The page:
Many academic disciplines have a unique ccitation style. For the study of Religion, The Chicago Manual of Style is the standard. Use the links below to aid you in creating your bibliographies with these format.
There are at least three reasons why writers cite their sources:
The primary rule of thumb for when to include a citation is: Provide a ciation when the words OR ideasare not your own. The exceptoin to this rule is when the information is common knolwedge - fimple factual information found in multiple sources. However, you also should use this checklist to be sure your citaitons are complete.
Because scholars in different disciplines emphasize different things when they read citations, there are many different styles. The MLA style, used for literary studies, makes sure page numbers are provided in an in-text citaiton because the exactness of a quotation matters; the APA style used in psychology and other social sciences include the year of publication, because when research was conducted is considered particularly significant. The Chicago Style is used by disciplines such as history and religion, which value sources so much it is common to put all the information about a source in a footnote as well as in a bibliography at the end of a paper.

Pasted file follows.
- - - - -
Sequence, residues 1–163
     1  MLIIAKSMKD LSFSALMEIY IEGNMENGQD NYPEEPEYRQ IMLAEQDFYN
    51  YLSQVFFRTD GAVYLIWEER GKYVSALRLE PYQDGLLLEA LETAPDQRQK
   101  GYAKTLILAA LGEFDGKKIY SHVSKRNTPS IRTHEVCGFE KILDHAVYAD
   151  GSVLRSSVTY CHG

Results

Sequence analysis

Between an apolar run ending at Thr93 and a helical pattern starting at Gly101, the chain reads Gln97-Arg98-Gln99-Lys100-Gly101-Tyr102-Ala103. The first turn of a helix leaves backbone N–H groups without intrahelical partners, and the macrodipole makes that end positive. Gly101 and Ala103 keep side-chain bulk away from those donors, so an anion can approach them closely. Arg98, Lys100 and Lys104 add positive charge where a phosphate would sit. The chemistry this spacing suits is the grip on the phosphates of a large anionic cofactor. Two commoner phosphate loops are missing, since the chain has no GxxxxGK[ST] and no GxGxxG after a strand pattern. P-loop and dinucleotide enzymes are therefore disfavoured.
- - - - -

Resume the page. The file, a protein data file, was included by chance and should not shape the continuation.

Whatever style you use, citations typically include author, title of the work, and publication informaiton (for books, place, publisher, and year published; for articles, the journal, volume, date, and page numbers; for websites, a URL may be needed). Check out this link from the Pudue Online Writing Lab for additional practical advice: Avoiding Plagiarism
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